We love Intermarché.
Many in the church define their identity by their opponents. There are lots of organisations and societies who are defined by the things they oppose. What happens when the battle is over and they are no longer opponents to be struggled against? How is identity defined once the campaign is over or the “enemy” is no more?
I spent a few weeks wondering why some of my friends were showing up as liking “Facebook for business”. Then today Facebook started telling my friends I like “Facebook for business”. So now I know: Facebook is making it up to promote itself. It’s telling people we’ve liked it when we haven’t because I know I haven’t ‘liked’ “Facebook for business”. They just assume I’ll never know what they’re saying about me.
Thanks Facebook. Thanks a lot.
This video seems to be doing to rounds again. A polite and humerus debate between human beings. A rare and beautiful think.
When I was an RE teacher in giant letters across the whole front of the classroom it said “Key Skill: To be able to disagree with each other respectfully”.
In the last year or so there has been a changing in the way information (or misinformation) is presented on the internet. The internet used to be so slow that we used Usenet because it was text based and therefore “fast” ie “still really slow”. Then mp3 allowed us to compress audio and pass it around. A couple of years ago we lived in the age of the infographic, the massive image containing all of the Earth’s information in a visual form. Now, HD video streams so fast you can pretty much share anything. This has changed the way in which people present information.
You’ve probably all seen it on Facebook and twitter. Sites like Upworthy are turning it into a cliche.
Catchy title that ends with no information but has been designed to evoke intrigue.
It is purely designed to increase the flow of traffic to the site, raise statistics and drive rankings. You click the link and what do you find? Still no information but a linked youtube clip containing the information you seek. Great, we can all stream it on fibre optic or 4G to our heart’s content. Only we can’t…
I spend most of my social media time in public places whilst I’m waiting. Waiting on a bus. Waiting in a waiting room. Waiting in a cafe. Waiting in the church. Waiting in someone’s office whilst they are on the telephone. Waiting for someone to make a cup of tea. Sometimes I’m in bed, waiting to fall asleep. In 90% of the situations I’m surfing through content, I’m not in a situation where I’m able to watch a video. That means that 90% of the time, sites like Upworthy are wasting my time. Unfortunately you have to click the link to find that out.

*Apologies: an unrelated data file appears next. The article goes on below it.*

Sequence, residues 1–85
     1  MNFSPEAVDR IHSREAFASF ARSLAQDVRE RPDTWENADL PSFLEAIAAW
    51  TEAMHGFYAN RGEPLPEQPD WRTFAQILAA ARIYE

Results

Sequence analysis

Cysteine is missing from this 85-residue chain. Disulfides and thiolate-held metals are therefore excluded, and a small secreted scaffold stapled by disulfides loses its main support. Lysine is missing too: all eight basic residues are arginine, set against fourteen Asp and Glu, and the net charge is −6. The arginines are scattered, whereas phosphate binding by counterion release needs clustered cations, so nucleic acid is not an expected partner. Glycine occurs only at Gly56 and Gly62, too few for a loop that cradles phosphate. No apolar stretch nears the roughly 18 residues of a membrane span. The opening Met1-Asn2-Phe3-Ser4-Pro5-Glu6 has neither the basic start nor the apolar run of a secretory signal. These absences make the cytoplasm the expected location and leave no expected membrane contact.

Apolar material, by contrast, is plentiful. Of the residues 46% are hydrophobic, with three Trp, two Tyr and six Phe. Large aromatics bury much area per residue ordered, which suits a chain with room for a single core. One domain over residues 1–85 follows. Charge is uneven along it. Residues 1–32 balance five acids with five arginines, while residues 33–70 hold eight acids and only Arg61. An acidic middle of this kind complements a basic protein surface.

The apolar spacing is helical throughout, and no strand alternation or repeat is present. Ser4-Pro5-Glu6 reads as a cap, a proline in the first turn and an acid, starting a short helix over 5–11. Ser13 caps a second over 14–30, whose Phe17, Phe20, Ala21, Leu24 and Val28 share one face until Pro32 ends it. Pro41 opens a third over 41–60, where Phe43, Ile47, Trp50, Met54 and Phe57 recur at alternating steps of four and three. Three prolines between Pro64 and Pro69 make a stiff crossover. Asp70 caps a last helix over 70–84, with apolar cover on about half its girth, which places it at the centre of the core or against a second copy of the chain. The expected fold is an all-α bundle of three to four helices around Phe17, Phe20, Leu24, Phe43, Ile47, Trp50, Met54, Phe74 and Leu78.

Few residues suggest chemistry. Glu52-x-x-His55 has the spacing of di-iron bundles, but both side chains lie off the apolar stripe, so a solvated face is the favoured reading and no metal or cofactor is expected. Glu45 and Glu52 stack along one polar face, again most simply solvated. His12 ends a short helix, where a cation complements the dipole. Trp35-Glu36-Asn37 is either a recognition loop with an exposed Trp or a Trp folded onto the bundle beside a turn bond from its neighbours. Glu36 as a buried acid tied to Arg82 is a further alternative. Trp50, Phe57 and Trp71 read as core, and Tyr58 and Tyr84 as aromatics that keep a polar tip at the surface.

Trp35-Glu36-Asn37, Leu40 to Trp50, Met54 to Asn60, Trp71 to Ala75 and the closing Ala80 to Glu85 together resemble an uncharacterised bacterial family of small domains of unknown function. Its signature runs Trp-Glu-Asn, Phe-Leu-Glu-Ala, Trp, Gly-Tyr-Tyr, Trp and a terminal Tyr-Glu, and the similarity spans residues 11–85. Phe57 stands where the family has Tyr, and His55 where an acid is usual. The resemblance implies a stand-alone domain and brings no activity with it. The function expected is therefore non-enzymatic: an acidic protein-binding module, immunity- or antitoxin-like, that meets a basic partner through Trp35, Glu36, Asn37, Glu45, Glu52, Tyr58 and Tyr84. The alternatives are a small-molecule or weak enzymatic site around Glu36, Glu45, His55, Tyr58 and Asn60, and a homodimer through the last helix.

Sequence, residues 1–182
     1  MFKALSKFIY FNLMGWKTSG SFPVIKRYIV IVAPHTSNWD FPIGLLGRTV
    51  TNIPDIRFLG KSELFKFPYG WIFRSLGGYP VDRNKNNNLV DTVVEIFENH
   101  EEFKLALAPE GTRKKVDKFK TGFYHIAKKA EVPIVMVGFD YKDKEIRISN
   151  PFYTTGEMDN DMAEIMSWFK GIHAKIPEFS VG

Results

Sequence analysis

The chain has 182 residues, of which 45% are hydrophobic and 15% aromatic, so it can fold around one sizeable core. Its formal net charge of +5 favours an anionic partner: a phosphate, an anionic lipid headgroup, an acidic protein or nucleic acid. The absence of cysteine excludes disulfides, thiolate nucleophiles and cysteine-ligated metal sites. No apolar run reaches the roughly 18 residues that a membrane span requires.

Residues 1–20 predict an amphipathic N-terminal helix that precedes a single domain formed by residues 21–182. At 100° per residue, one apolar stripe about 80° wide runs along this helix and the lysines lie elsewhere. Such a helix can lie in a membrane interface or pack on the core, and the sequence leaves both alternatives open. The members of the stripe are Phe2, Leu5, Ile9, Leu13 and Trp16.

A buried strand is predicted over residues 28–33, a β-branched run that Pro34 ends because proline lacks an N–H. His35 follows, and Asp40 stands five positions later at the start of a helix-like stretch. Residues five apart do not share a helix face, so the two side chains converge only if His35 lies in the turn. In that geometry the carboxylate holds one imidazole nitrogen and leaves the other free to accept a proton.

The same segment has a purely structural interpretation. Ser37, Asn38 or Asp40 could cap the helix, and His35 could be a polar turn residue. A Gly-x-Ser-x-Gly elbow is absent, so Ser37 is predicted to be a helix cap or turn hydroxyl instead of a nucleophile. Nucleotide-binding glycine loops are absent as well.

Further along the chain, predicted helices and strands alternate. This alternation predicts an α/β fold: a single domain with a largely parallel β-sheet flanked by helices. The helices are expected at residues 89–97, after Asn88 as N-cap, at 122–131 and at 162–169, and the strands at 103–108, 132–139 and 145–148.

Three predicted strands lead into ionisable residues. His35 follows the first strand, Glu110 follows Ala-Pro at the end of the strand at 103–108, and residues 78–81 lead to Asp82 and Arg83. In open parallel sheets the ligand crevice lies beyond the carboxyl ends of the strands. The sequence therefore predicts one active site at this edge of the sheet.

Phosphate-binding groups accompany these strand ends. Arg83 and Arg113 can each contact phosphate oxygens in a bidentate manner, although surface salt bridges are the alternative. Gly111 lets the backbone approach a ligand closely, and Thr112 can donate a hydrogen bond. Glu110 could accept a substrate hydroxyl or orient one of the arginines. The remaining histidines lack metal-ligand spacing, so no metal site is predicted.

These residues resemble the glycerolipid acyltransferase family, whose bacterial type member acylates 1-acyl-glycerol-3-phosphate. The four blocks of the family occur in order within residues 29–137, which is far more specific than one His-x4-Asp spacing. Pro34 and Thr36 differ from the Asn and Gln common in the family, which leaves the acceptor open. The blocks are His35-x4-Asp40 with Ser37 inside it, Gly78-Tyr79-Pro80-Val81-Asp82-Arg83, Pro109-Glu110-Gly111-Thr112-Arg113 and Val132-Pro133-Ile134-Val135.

Video is good. Video gets information out there at high speed. I use video a lot to develop my skills as a guitarist and I generate a lot of video content for The Rock Mass. But that’s not my complaint. It is the manipulative titling and lack of multimedia. Sites like Big Bible usually put “VIDEO: Check out This Cool Whatever” so you know what to expect.
One of the things we are struck by in Schwarzwald it the sheer volume of public religious art. Whilst there is a crucifix every few of miles along most roads, there are some much more extravagant pieces as well. This is a larger than life depiction of Gethsemane, complete with snoozing disciples.
To give you a sense of place, this is the church it is next to.
Time to commission a massive piece by a famous artist for the park at Holy Nativity.
I awoke this morning to the twittersphere talking about Corpus Christi. We wandered down the river for an hour to Freiburg with the intention of seeing the sights and then spending the next three days touring the Schwarzwald on the bike. When we arrived in the town everything was notably shut.
Perhaps I should have been alerted by the ferns placed at the end of people’s driveways (I don’t know what this means). It seems that I am unable to go on holiday without arriving in the middle of a major Christian festival. Last year it was Rhodes during Orthodox Holy Week (awesomeness).
In the town itself there are roadside shrines in the windows of shops.
There is also a flower petal mural in the middle of the street.
We intended to visit the Münster – it is one of the reasons we are staying here rather than somewhere else. The ancient church was still open – as you would expect.
Thousands of candles are lit as people have made their way to the Cathedral to pray. We joined in and also lit candles as we prayed for those we love in our community and beyond who are most in need.
Then we snuck off to the secluded sanctuary where the sacrament is kept. Away from the hubbub of the nave there is a small quiet space in which to pray and meditate.
The world has many things I covet, but this ancient aumbry covered in icons is right up there!
It is well documented that in my own ministry I’m generally more at home in modern surroundings. In my book, Holy Nativity is perfect. Celebrating the Eucharist in the old fish and chip shop next to our charity shop is a truly special community to be part of. To occasionally see the ancient roots of our faith throughout the architecture of a living and breathing worship space is breathtaking however. In this place, 1000 years of Christian community is revealed in the changing architecture and furniture.
And if you’re going to have a rood, this is the rood to have. It looks to be ancient (pre reformation) but sadly I don’t know as the tour wasn’t available because… Everything is shut. It could be from 1973 =D
Germany did not strike me as a particularly religious destination but less than 24 hours in its borders and we’re slowing down for Corpus Christi and joining in with the prayers of thousands.
I wonder if we’ll see any more shrines as we head out to watch the football.[sorry about the quality of the pictures. Motorbike holidays don't really allow for more than a phone camera]